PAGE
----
We also recommend: Document the process used in considering items, the options considered, and reasons for choices, including for guidance in Section 3 of this document. (Documentation on many items should be shared in publicly available material such as system cards. Some details on particular items such as security vulnerabilities can be responsibly omitted from public materials to reduce misuse potential, especially if available to auditors, Information Sharing and Analysis Organizations, or other parties as appropriate.)

GPAIS-related risk topics and corresponding guidance sections in this Profile document include the following. (Some of these topics overlap with others, in part because the guidance often involves iterative assessments for additional depth on issues identified at earlier stages.)

  • Reasonably foreseeable impacts (Section 3.2, Map 1.1), including:
    • To individuals, including impacts to health, safety, well-being, or fundamental rights
    • To groups, including populations vulnerable to disproportionate adverse impacts or harms
    • To society, including environmental impacts
  • Significant, severe, or catastrophic harm factors (Section 3.2, Map 5.1), including:
    • Correlated bias and discrimination
    • Impacts to societal trust or democratic processes
    • Correlated robustness failures
    • Capability to manipulate or deceive humans in harmful ways
    • Loss of understanding and control of an AI system in a real world context
  • AI trustworthiness characteristics (Section 3.4, Measure 2.x), including:
    • Safety, reliability, and robustness (Measure 2.5, Measure 2.6)
    • Security and resiliency (Measure 2.7)
    • Accountability and transparency (Measure 2.8)
    • Explainability and interpretability (Measure 2.9)
    • Privacy (Measure 2.10)
    • Fairness and bias (Measure 2.11)

Additional topics to address in future versions of the Profile are listed in Appendix 3.

Widespread norms for using best practices such as in this Profile can help ensure developers of increasingly general-purpose AI systems can be competitive without compromising on practices for AI safety, security, accountability, and related issues

Why Create this Profile?

Other initial AI RMF profiles have seemed likely to focus on specific industry sectors and end-use applications, e.g., in critical infrastructure or other high-risk categories of the draft EU AI Act. That seems valuable, especially for downstream developers of end-use applications, and could help the AI RMF achieve interoperability with other regulatory regimes such as the EU AI Act. However, an approach focused on end-use applications could overlook an opportunity to provide profile guidance for upstream developers of increasingly general-purpose AI, including AI systems sometimes referred to as “foundation models”. Such AI systems can have many uses, and early-development risk issues such as emergent properties that upstream developers are often in a better position to address than downstream developers building on AI platforms for specific end-use applications.

Guidance in this profile focuses on managing the broad context and associated risks of increasingly general-purpose AI, e.g.:

  • To address important underlying risks and early-development risks in a way that does not rely on having certainty about each specific end-use application of the technology.
  • To provide guidance on sharing of risk management responsibilities between upstream and downstream developers.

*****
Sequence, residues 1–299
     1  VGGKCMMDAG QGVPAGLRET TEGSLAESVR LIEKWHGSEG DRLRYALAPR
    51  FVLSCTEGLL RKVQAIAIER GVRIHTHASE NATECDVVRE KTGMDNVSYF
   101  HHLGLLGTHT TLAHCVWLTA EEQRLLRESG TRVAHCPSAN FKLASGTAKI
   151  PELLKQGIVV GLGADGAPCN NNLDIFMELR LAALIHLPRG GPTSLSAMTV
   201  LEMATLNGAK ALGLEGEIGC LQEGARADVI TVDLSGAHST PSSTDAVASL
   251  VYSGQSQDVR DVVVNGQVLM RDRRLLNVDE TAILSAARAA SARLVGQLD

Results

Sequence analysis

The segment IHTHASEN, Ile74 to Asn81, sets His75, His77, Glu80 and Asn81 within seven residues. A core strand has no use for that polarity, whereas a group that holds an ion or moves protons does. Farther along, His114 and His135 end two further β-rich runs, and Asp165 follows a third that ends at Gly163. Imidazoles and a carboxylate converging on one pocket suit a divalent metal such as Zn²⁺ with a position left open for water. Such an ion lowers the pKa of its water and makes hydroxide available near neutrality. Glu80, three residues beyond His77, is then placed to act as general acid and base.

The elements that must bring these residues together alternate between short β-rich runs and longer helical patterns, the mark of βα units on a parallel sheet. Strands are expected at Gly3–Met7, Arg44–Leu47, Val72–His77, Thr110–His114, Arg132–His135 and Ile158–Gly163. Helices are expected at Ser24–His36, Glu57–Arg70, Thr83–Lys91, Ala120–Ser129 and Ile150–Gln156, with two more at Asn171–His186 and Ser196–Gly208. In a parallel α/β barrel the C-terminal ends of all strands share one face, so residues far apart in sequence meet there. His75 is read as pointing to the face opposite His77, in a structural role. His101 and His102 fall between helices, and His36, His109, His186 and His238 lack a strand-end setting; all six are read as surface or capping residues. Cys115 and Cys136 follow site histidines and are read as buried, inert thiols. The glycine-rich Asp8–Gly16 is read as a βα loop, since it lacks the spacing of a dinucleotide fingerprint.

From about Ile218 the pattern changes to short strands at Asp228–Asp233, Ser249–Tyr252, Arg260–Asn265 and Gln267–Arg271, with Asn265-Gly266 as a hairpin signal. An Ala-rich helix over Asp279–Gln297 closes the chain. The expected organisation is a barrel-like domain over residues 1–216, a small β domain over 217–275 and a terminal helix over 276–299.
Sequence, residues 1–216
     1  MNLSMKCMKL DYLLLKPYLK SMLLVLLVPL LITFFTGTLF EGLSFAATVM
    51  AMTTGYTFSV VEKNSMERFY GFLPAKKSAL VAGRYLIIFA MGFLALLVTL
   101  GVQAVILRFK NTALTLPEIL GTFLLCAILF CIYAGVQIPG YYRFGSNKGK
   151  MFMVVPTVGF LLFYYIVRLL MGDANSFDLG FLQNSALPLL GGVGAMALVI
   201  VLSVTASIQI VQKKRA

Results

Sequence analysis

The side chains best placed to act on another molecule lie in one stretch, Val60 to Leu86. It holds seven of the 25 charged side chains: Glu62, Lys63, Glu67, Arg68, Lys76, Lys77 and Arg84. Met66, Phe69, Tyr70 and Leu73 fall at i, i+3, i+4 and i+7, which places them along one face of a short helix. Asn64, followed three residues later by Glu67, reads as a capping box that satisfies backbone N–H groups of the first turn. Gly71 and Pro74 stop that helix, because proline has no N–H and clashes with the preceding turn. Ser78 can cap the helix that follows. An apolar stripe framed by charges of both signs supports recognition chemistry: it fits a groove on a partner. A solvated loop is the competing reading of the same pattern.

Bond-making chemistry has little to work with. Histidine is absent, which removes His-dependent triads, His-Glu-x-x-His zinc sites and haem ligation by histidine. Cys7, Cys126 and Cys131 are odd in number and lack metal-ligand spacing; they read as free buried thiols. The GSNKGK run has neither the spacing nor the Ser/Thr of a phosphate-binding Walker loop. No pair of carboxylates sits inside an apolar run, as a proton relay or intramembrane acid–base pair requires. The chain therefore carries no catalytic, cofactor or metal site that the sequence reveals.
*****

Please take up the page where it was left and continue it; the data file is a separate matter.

We with the following profile-creation stages and approximate dates:

  • Planning and preliminary outreach – Q3-Q4 2022
  • Preliminary draft of the profile created, initial workshop and interviews – Q1 2023
  • First full draft of the profile publicly available, second workshop and interviews, alpha test – Q2 2023
  • Second full draft profile publicly available, third workshop and interviews, beta test – Q3 2023
  • Release Profile 1.0 on UC Berkeley Center for Long-Term Cybersecurity and arXiv websites – Q4 2023

Project Leads:

Anthony M. Barrett, Ph.D., PMP
Visiting Scholar, AI Security Initiative, Center for Long-Term Cybersecurity, UC Berkeley

Jessica Newman
Director, AI Security Initiative, Center for Long-Term Cybersecurity, UC Berkeley
Co-Director, AI Policy Hub, UC Berkeley

Brandie Nonnecke, Ph.D.
Director, CITRIS Policy Lab, UC Berkeley
Co-Director, AI Policy Hub, UC Berkeley

Seeking Participants

We are seeking experts in AI policy, safety, security, and ethics who are interested in standards development, risk management, and the particular opportunities and challenges associated with increasingly general-purpose AI, such as cutting-edge large language models. Participants will receive invitations to attend optional quarterly workshops, or to provide input or feedback on drafts at their convenience. All activities are optional; no minimum time commitment is required.

Individual-level participation options include:

  • Providing ideas in workshops or interviews
  • Reviewing drafts 
  • Serving as a test user

Organization-level support options include:

  • Providing time for employees to participate
  • Allowing use of organizational logo on the Profile.

Please contact Tony Barrett (anthony.barrett@berkeley.edu) if you or your organization want to participate.

Available Drafts or Versions

The following is our most recent publicly available draft Profile: 

Version 1.0 of the Profile is now available here!

For version history and comparison, following are earlier publicly available draft documents:

Please send input or feedback to anthony.barrett@berkeley.edu. If you would rather not be listed in the Acknowledgements section of future drafts or versions of the Profile as someone that provided input or feedback, please let us know that when you provide us your comments.